Kindergarten Readiness

Your child will experience greater success in Kindergarten if he or she enters into school with the skills listed below. The single most critical element to your child’s success throughout all his or her years in school will be if he or she is ready to learn. It is helpful if you can be an interested and involved parent and help them to realize that they need to listen, pay attention and remember what they are practicing in school. Perhaps the two most important things that you can do for your child in preparation for school are:

  • Each day or night read at least 5 minutes out loud to your child and talk about what has been read. Having close body contact with your child as you read promotes security and independence, and important language skills are learned as well. The child also learns vicariously about the world and its peoples and maybe most important, the concept that reading is fun.

  • Each day or night tell your child 2 or 3 things that you like about him/her, why he/she is so special, what he/she does well, or that you LOVE him/her.

Here are some developmental skills to look for in a school-ready child:

Social Development

  • Able to trust other adults and children
  • Able to play with, not just next to, other children
  • Able to learn and play in a group
  • Able to take turns and share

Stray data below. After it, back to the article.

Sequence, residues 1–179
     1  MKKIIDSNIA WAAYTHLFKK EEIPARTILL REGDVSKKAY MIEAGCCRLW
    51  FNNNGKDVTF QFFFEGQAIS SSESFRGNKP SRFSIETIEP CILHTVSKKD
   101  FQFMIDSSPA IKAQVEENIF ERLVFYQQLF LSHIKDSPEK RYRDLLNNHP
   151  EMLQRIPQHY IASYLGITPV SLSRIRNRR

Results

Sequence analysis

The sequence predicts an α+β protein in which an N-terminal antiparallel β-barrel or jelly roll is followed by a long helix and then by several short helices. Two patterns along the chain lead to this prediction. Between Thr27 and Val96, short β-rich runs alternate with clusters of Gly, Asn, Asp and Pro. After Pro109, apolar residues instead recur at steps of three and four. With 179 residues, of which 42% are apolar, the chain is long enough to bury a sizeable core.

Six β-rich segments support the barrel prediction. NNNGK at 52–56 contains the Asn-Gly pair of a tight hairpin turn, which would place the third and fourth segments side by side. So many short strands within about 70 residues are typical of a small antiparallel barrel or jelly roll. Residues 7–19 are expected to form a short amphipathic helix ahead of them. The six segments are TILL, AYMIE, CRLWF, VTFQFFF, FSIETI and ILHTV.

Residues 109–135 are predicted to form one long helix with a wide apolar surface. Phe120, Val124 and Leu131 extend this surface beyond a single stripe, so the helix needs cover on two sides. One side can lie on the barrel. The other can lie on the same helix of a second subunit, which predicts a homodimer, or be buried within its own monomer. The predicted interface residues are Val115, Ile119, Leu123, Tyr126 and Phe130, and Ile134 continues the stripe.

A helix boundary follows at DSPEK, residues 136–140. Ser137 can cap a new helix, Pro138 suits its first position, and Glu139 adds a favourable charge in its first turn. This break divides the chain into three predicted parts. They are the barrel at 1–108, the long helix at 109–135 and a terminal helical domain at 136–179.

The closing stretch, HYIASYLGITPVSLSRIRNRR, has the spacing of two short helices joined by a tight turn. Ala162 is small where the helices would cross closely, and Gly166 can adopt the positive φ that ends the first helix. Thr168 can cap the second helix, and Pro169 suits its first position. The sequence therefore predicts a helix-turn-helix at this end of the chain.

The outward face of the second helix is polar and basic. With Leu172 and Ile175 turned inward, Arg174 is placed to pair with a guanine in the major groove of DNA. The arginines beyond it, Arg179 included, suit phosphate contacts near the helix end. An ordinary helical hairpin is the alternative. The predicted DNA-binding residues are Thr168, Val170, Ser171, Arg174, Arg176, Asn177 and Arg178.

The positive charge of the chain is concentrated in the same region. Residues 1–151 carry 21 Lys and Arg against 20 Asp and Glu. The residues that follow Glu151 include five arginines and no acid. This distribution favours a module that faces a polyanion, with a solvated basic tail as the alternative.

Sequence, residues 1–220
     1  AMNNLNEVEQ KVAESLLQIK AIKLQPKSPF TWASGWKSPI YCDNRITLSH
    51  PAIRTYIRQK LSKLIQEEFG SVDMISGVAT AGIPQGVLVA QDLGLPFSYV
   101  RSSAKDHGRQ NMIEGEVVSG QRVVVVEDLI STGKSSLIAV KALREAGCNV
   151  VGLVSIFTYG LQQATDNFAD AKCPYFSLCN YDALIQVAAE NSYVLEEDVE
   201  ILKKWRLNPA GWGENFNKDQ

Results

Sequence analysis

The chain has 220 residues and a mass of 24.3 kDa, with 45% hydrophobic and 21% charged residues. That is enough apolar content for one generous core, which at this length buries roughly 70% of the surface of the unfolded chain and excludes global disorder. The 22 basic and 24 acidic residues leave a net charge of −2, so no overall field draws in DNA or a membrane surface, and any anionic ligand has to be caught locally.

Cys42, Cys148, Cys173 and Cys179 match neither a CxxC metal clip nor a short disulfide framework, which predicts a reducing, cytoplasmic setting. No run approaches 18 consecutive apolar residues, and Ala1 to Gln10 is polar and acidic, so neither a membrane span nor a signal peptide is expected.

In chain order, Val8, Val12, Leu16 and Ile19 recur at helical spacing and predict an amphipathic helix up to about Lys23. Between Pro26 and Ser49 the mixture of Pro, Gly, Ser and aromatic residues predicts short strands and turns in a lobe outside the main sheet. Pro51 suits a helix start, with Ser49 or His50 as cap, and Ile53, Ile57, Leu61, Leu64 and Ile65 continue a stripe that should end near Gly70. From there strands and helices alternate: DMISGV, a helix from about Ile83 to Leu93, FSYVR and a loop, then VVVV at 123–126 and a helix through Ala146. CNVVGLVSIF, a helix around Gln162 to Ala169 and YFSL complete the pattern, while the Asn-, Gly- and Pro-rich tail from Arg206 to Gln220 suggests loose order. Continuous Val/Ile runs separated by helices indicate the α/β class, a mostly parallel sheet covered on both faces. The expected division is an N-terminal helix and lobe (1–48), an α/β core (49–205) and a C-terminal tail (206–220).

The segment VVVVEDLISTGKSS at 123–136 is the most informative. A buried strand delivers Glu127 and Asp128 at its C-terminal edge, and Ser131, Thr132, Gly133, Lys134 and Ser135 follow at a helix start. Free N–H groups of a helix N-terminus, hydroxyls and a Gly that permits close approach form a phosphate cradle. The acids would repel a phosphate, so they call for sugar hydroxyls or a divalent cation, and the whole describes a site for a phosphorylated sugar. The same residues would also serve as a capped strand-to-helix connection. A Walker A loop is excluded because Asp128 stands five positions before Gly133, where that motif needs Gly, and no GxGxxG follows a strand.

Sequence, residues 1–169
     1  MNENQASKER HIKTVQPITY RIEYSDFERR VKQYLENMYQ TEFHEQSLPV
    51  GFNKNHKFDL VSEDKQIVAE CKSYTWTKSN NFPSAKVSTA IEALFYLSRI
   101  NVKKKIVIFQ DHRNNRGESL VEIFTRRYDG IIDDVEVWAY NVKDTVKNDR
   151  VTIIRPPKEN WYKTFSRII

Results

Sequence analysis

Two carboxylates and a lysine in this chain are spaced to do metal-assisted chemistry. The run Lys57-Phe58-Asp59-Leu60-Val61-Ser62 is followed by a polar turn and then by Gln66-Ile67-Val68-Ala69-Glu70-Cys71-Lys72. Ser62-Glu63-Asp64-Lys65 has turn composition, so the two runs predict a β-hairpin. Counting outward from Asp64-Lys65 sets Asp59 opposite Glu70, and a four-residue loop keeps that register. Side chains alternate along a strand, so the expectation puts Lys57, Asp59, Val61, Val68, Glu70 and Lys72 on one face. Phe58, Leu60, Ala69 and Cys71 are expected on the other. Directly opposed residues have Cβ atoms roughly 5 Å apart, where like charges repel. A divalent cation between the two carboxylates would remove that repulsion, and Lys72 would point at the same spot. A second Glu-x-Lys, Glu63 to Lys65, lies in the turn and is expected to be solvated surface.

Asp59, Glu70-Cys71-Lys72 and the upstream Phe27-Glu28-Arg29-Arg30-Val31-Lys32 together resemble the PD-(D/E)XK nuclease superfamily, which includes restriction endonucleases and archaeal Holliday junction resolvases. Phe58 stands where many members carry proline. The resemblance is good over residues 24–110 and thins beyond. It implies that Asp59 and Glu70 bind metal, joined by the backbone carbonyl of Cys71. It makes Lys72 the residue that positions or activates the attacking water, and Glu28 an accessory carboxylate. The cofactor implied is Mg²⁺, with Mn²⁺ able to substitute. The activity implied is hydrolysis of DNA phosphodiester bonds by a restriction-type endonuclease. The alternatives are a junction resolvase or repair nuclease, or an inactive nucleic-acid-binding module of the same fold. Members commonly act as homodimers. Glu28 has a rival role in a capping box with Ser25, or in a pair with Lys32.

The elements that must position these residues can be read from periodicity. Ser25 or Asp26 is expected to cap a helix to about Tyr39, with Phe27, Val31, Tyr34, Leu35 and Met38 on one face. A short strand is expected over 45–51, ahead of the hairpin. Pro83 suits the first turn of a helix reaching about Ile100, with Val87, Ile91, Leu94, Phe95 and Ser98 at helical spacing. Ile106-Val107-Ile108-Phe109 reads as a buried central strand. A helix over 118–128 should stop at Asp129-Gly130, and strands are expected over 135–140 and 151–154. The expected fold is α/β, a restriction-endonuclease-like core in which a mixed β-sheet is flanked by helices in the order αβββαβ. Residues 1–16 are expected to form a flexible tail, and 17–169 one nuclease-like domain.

Emotional Development

  • Some degree of independence and self-direction
  • Self-control or ability to delay gratification (even briefly)
  • Reasonably confident and willing to try new things
  • Interested in school and in learning new things

Language Development

  • Able to understand directions
  • Able to express needs
  • Able to communicate with adults and other children
  • Can express thoughts in sentences

Motor Development

  • Can run and jump (if not handicapped)
  • Sense of spatial awareness and balance
  • Shows right or left dominance
  • Has self-help skills: dressing, eating, and toileting
  • Able to manipulate small objects
  • Can copy simple symbols
  • Can hold a pencil appropriately
  • Has had experience using crayons, scissors and glue and can cut a straight or wavy line

Intellectual and Academic Development

  • Able to focus and concentrate on an activity for 10 – 15 minutes
  • Understands that letters stand for something
  • Able to identify and name most of the 52 letters
  • Understands that printed text is spoken language written down
  • Has had experiences with environment (grocery story, post office, library etc.)
  • Can follow simple directions and remember simple routines
  • Able to stick with and solve simple problems
  • Can identify colors and basic shapes

**Some ideas in this list are reprinted with permission of the Center for Early Education and Development (CEED), College of Education and Human Development, University of Minnesota, 215 Pattee Hall, 150 Pillsbury Drive Southeast, Minneapolis, Minnesota, 55455-0223.